The sole FIGURE depicts in the foreground thereof a completely assembled warp-resistant heat sink 11 mounted on the surface of substrate 10. Also shown in the sole FIGURE is an exploded view of the constituent elements of the warp-resistant heat sink of the present invention. Normally, two such heat sinks are affixed side-by-side to the surface of substrate 10. It should be understood, however, that the number of heat sinks and the relative dimensions thereof with respect to the substrate dimensions are matters of design optimization and various modifications to the preferred embodiment may be made according to the desired heat dissipation requirements.
The actual composition and construction of the heat sink 11 will now be discussed with regard to the exploded view shown in the sole FIGURE. A plate 12 of generally rectangular shape has a pattern of slit-like openings 14 stamped or etched along opposing edges thereof. The slits 14 along one edge are offset with respect to those along the opposite edge. Slits 14 are normal to the edge of the plate 12 and extend inwardly nearly to the centerline of plate 12, leaving sufficient material along such centerline to provide adequate structural support while the heat sink 11 is being assembled. The outer portions of each slit 14 may be bevelled to facilitate insertion of a heat-conducting member 13. Plate 12, according to the preferred embodiment of the invention, is formed of Kovar, a trade name for an alloy of iron and nickel. The particular metal of which plate 12 is formed is selected to have a thermal coefficient of expansion substantially identical to that of the alumina substrate 10.
Heat-conducting members 13 are preferably formed of copper, because of the superior heat-dissipating properties of copper. Members 13 are shown to be generally U-shaped in the preferred embodiment; however, it will be understood that alternative shapes, for example L-shaped or Z-shaped, may be used to implement the present invention. Regardless of the particular shape selected, it is important to provide a foot or flange 17 along one side of member 13 for the purpose of securing same to the underside of plate 12. As shown in the exploded view of the sole FIGURE, the U-shaped members 13 are inserted in the slots 14 of plate 12.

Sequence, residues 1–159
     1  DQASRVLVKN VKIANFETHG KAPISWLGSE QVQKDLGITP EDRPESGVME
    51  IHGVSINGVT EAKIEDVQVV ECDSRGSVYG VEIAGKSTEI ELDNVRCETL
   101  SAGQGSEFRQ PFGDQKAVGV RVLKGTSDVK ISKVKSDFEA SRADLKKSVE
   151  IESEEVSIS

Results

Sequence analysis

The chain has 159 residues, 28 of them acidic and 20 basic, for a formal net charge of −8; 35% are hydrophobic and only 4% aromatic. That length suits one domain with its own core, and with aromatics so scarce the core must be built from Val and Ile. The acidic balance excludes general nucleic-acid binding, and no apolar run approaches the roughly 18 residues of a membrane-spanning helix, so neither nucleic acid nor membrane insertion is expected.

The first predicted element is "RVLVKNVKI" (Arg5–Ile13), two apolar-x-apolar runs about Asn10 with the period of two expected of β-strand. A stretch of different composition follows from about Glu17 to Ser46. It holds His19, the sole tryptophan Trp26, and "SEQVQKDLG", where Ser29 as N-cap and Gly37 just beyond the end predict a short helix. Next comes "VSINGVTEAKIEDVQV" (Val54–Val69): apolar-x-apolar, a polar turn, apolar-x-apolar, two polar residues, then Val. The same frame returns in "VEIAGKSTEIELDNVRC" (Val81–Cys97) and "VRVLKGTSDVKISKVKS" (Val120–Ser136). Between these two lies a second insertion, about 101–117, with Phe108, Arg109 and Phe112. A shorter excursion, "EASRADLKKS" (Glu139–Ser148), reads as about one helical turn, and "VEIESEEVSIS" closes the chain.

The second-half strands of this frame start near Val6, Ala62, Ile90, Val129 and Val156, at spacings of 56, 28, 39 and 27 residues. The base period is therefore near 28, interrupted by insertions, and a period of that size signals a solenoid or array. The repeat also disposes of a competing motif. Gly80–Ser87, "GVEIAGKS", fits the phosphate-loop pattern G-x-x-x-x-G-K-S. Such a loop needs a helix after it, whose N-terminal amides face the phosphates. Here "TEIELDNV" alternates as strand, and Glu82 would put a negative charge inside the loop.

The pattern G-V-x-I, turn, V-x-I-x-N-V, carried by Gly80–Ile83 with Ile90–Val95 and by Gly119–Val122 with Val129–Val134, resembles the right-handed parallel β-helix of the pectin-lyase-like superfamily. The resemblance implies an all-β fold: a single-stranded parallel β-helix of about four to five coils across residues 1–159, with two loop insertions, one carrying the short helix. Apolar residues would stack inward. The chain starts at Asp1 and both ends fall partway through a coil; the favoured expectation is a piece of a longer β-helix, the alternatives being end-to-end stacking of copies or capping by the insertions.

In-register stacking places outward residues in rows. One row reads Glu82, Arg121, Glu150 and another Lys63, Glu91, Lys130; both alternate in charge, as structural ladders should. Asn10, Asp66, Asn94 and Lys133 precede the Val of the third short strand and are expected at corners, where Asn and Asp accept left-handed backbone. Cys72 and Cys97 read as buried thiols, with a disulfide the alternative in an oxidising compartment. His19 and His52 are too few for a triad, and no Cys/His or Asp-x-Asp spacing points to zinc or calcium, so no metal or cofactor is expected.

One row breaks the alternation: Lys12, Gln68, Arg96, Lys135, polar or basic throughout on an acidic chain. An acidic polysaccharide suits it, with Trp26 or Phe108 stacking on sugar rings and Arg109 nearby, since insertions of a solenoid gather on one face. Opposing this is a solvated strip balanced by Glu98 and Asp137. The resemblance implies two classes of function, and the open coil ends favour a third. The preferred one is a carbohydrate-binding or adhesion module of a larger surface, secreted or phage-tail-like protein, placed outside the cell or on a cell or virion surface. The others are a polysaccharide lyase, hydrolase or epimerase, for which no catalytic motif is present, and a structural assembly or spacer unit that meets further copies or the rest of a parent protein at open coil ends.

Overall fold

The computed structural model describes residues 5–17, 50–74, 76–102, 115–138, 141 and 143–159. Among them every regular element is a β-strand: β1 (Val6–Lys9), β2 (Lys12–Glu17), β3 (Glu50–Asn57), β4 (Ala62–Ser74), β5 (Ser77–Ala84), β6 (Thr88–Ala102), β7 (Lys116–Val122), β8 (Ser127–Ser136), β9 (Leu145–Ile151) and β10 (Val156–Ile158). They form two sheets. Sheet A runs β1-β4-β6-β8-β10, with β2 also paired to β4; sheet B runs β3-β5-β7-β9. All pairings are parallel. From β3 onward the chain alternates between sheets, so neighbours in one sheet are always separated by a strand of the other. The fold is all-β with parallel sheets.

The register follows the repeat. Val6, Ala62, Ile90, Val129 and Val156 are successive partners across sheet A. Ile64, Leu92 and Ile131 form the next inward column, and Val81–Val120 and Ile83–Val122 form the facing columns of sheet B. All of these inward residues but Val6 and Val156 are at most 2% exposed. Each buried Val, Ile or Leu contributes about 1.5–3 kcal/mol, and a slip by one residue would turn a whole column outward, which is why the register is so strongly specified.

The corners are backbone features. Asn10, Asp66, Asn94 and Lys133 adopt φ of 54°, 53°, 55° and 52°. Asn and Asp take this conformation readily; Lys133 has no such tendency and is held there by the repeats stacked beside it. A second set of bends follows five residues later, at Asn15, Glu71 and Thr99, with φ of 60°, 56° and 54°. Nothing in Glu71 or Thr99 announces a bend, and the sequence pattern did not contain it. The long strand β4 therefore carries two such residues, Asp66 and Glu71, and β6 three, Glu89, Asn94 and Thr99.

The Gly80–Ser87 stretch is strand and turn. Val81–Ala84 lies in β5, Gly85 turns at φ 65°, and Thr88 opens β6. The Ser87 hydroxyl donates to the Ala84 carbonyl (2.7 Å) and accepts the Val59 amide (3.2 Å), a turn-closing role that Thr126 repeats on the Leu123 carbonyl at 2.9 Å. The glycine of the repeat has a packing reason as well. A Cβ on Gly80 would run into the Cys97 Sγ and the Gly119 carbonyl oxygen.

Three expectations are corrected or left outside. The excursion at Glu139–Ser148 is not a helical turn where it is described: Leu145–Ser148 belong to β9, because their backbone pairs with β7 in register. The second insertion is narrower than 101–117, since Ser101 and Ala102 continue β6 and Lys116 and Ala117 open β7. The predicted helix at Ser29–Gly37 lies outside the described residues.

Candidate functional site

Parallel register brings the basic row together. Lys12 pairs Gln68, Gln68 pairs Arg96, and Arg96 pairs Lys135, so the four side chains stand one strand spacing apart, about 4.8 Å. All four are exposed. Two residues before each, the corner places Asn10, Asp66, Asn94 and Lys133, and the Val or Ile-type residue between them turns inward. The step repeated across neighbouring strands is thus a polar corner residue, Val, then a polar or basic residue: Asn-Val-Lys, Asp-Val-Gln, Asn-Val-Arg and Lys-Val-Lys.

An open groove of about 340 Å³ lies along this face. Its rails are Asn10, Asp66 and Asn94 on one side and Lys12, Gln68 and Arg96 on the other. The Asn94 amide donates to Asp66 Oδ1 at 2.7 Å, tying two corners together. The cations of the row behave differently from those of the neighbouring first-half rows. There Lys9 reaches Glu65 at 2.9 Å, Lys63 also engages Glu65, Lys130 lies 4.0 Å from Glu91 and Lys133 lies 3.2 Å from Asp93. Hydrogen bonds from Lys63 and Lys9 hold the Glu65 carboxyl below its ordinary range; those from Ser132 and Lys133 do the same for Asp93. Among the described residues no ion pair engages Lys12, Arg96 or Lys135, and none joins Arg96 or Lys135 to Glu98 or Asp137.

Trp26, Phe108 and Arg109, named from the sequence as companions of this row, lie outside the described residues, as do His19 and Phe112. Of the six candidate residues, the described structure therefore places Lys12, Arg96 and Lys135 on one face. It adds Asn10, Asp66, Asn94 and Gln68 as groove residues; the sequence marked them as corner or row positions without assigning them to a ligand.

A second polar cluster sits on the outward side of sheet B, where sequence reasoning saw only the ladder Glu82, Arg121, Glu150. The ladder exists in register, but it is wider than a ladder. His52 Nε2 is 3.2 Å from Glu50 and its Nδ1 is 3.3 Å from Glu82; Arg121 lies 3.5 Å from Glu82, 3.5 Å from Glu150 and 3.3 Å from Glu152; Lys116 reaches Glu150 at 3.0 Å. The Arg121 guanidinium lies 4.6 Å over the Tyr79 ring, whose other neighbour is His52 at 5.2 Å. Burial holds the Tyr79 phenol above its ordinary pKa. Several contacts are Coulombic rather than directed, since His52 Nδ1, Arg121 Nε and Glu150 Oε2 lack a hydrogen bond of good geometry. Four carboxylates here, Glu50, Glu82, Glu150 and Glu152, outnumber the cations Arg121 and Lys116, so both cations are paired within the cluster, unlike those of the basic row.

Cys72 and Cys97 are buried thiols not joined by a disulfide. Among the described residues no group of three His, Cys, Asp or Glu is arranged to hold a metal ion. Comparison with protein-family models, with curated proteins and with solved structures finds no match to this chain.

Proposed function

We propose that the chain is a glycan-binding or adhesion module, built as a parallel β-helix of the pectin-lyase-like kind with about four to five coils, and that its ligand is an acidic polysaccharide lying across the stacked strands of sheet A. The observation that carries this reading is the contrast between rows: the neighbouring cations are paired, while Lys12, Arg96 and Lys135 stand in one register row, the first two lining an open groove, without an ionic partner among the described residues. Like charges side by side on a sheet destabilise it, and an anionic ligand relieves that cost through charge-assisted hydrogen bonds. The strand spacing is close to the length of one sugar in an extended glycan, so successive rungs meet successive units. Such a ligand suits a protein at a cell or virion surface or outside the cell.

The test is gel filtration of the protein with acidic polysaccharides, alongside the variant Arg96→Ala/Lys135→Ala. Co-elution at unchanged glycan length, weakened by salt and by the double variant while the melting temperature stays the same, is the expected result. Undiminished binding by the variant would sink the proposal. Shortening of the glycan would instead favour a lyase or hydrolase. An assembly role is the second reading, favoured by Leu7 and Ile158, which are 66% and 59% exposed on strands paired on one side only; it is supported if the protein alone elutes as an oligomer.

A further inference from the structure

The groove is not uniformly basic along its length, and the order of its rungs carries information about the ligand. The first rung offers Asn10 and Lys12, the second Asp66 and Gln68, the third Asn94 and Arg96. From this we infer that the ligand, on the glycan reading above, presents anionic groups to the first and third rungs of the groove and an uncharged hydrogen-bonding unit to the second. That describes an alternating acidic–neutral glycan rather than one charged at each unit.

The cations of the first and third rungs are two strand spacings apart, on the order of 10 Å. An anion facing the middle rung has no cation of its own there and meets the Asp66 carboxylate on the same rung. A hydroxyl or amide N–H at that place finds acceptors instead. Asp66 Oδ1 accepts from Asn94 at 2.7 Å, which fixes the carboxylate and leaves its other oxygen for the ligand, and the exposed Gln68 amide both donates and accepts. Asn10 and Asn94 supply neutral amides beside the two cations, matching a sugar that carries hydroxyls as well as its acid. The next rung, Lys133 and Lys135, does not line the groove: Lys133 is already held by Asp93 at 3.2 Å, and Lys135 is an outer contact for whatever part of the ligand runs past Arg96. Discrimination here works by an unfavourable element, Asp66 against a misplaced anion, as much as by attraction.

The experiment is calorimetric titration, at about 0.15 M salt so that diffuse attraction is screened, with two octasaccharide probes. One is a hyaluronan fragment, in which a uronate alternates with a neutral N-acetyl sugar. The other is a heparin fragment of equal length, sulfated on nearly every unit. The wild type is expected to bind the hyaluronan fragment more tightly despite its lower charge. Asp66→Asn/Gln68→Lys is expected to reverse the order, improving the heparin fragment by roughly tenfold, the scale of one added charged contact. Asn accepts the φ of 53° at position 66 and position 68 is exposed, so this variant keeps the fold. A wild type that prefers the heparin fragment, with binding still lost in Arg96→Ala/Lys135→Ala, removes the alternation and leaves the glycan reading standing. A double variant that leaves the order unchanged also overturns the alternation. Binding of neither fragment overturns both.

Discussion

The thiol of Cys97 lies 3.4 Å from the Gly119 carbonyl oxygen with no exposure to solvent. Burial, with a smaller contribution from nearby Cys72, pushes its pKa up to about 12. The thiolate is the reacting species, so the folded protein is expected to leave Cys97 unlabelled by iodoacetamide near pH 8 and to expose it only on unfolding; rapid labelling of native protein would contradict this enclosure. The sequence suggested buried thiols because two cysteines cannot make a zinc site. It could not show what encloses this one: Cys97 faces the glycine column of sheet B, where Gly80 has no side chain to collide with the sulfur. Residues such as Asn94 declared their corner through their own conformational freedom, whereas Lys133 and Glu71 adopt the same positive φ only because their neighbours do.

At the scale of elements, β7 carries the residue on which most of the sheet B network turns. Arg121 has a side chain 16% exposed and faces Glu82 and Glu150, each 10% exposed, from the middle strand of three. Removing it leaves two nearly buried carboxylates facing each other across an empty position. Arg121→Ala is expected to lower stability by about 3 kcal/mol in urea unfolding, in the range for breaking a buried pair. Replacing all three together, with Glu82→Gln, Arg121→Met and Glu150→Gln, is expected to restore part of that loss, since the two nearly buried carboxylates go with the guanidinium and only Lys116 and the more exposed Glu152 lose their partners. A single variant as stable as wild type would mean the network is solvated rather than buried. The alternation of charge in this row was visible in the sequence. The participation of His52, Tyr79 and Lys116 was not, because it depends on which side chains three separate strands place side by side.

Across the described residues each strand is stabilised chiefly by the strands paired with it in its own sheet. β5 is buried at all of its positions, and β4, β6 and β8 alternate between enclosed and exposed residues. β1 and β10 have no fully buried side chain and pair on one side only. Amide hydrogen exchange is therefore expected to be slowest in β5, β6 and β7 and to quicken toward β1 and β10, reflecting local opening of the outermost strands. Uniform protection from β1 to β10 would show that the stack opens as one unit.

Referring now to the completely assembled heat sink 11, it will be seen that the U-shaped members 13 inserted into the slots 14 along one edge of plate 12 all face in the same direction and are all secured to the same side of plate 12 (i.e., the underside of plate 12). The U-shaped members 13 disposed along the opposite portion of plate 12 likewise are all secured to the underside of plate 12 and uniformly face in the opposite direction from those members 13 which are disposed along the first portion of plate 12.
When the U-shaped heat-conducting members 13 have been properly assembled into plate 12, they are soldered to the underside of plate 12 using a known flow-soldering technique. The integral heat sink 11 may then be properly positioned relative to the surface of substrate 10 and flow-soldered to same.
The resulting structure comprises a laminate having two outer layers, namely the Kovar plate 12 and alumina substrate 10, having substantially identical thermal coefficients of expansion and an inner layer, namely the foot or flange 17 of the copper U-shaped member 13, having a significantly different thermal coefficient of expansion. The resultant laminate is substantially more resistant to warpage and breakage as a result of thermal expansion or contraction than known prior art structures. Of further significance is the fact that the disclosed heat sink is capable of utiizing the superior heat-dissipating properties of copper and is therefore able to satisfy the high density, high power, and high operational frequency requirements which are prescribed by current micro-electronic circuit packaging technology.
The offsetting of alternate rows of U-shaped members 13 is desirable when air is to be forced through the heat sink structure. Were the vertical portions of consecutive U-shaped members 13 to be perfectly aligned, a high temperature boundary layer would eventually form at some point along the air channel, resulting in inefficient heat dissipation from those portions of the contiguous U-shaped members beyond such point in the air stream. By staggering the members 13 along the air stream, the air stream is directed against the vertical portion of each successive U-shaped member in a manner which inhibits the formation of a boundary layer condition.
It will be apparent to those skilled in the art that the disclosed Warp-Resistant Heat Sink may be modified in numerous ways and may assume many embodiment other than the preferred form specifically set out and described above. Accordingly, it is intended by the appended claims to cover all modifications of the invention which fall within the true spirit and scope of the invention.